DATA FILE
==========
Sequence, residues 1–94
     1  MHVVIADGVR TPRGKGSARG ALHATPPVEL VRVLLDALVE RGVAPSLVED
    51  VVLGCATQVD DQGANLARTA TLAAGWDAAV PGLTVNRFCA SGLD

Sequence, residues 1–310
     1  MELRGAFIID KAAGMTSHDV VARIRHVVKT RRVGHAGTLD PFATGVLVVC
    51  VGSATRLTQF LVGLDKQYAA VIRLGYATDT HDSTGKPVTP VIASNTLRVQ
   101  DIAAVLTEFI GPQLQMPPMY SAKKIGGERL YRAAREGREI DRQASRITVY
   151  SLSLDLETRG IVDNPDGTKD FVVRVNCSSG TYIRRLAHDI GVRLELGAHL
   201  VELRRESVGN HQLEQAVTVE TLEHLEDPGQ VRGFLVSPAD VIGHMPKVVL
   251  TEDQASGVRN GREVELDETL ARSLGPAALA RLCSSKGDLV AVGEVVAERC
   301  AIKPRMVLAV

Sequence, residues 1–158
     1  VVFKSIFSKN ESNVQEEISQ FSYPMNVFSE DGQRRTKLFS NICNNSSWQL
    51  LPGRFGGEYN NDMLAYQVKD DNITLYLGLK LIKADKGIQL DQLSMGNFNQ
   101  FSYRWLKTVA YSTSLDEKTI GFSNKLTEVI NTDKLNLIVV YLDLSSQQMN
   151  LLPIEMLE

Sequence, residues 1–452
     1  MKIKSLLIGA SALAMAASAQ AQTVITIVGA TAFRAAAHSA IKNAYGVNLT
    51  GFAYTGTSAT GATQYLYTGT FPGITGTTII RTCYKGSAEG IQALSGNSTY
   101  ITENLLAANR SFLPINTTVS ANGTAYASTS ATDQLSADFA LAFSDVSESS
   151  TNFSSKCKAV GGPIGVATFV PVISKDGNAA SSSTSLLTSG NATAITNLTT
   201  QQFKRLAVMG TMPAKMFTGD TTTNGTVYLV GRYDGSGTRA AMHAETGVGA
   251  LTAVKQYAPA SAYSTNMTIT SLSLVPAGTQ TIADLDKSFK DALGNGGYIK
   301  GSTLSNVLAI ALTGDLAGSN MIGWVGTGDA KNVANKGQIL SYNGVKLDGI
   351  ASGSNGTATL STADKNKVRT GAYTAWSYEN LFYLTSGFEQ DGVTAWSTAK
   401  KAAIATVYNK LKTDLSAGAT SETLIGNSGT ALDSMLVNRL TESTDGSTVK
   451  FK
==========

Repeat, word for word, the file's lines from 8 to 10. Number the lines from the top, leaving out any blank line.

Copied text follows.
   151  SLSLDLETRG IVDNPDGTKD FVVRVNCSSG TYIRRLAHDI GVRLELGAHL
   201  VELRRESVGN HQLEQAVTVE TLEHLEDPGQ VRGFLVSPAD VIGHMPKVVL
   251  TEDQASGVRN GREVELDETL ARSLGPAALA RLCSSKGDLV AVGEVVAERC